Friday, March 04, 2005

War and Peace and Elections...

It’s been over 18 months since the United States and several allied nations invaded Iraq. The military pulled Saddam Hussein out of a hole under a house and have had him in custody for months. Thousands of Iraqi soldiers have been killed or imprisoned as a result of this operation. Sadly, many civilians have lost their homes, livelihoods, and even their lives; war doesn’t just affect the soldiers. Coalition forces worked hard to stabilize much of Iraq, and the first free elections in that nation’s history were held just over a month ago. Bravo for the Iraqis; I continue to hope and pray that they will someday know lasting peace, that the suicide bombings would stop, and that stability would prevail in that strife-torn land. Although the weapons of mass destruction were never found, the initiative has been considered a success by the government of the United States.

Everywhere I go I see bumper stickers and car magnets that remind me of the need to pray for our troops. I receive emails with photos of soldiers sleeping in the mud, in sand trenches, and I pray for their soon and safe return as often as I think about them. I know people whose cousins, sons, husbands, brothers, sisters, mothers, aunts, and friends have died in, returned from, or are still serving in Iraq. I know that I am not alone in my prayers that this conflict would end soon, that the Iraqi government would be established, and that all the coalition soldiers, Americans, Polish, Salvadorans, Italians, and from every other nation represented there – that they would all go home soon. I think the best way to support our soldiers is to bring them home, run them a good hot bath, feed them well, and let them sleep for about two weeks – with full pay. Everyone wants the war to end and for peace to reign.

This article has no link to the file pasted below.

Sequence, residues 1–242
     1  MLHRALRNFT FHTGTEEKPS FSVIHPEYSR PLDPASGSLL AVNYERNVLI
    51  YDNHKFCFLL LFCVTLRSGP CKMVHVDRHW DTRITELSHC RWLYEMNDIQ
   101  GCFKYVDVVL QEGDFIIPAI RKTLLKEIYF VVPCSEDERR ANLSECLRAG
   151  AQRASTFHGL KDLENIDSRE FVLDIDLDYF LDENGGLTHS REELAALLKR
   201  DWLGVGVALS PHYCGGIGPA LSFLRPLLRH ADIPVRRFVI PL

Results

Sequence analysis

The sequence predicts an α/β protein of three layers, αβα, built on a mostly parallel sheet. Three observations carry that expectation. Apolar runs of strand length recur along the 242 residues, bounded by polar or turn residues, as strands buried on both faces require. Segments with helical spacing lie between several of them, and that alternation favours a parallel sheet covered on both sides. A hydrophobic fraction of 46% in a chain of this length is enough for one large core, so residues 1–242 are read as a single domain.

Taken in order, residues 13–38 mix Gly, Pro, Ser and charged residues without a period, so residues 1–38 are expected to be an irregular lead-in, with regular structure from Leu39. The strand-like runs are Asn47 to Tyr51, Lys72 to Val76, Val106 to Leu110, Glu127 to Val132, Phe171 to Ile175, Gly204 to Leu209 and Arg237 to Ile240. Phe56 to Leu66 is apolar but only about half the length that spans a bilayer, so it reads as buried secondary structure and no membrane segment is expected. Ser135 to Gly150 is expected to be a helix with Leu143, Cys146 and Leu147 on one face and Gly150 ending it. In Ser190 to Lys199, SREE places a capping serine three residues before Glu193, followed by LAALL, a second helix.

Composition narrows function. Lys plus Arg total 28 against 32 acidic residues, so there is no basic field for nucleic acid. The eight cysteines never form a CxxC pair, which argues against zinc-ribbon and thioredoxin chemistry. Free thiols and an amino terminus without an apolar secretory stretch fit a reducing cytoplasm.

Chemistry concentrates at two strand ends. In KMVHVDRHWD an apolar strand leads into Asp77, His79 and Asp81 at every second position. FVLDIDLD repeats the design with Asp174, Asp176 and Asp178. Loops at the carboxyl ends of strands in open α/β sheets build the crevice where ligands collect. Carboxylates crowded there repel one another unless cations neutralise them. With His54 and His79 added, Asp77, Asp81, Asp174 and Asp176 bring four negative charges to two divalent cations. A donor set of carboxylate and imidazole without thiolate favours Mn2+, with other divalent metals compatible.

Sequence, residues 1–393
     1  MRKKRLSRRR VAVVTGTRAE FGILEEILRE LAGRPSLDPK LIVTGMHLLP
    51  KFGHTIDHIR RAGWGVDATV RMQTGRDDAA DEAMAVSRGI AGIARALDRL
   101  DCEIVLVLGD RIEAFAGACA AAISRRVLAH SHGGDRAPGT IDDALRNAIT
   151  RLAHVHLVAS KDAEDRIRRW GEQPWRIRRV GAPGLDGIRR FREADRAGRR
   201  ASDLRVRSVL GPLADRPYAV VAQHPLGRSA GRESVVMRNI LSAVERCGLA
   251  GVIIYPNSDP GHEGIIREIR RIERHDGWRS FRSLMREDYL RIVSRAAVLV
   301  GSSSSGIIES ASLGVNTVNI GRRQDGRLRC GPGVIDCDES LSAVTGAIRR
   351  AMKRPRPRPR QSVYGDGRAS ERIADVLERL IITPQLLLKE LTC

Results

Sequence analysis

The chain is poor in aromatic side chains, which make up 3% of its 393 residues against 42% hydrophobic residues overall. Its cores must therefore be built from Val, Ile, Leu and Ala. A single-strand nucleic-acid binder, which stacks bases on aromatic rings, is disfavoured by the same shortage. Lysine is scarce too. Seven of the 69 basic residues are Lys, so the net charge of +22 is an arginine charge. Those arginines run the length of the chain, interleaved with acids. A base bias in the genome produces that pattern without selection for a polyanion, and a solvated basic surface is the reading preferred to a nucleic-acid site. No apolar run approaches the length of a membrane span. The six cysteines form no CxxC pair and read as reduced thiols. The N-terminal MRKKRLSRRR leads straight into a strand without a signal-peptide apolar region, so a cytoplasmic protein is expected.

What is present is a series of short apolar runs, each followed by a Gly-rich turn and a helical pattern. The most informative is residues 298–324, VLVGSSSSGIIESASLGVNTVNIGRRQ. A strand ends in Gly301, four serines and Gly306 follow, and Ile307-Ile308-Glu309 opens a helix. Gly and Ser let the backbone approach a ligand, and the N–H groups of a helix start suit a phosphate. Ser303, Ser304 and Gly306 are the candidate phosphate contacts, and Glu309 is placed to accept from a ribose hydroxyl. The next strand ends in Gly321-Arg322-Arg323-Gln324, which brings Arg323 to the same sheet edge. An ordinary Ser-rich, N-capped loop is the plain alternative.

Almost exactly a year ago, on March 11th, blood once again flowed from the bodies of innocent civilians when bombs exploded on several trains in Madrid killing over 200 people and wounding more than 1,000 more. Soon after that attack, it was discovered that the bombings were carried out under the direction of Al-Qaeda, the same group held responsible for the horrors of September 11th. Being that I have good friends in Spain, I immediately wrote to them and called them to make sure they were okay and to ask whether they or anyone they knew had been directly affected. The people of Spain took to the streets by the thousands to protest the violence, to call for peace, and they pleaded once again with their President to withdraw the troops from Iraq.

I say “once again” because before the war in Iraq began, the Spanish people had protested for weeks against the planned invasion. Like many of their American counterparts, the vast majority of Spaniards disagreed with the decision to go to war against a nation that had no direct link to the terrorist acts of September 2001. But Aznar went against the will of the majority of his people and made the decision to join President Bush’s coalition and sent Spanish soldiers to fight. I remember how angry my friend Leticia was at the time; she told me, “He will lose next election; the Spanish people won’t forget this.”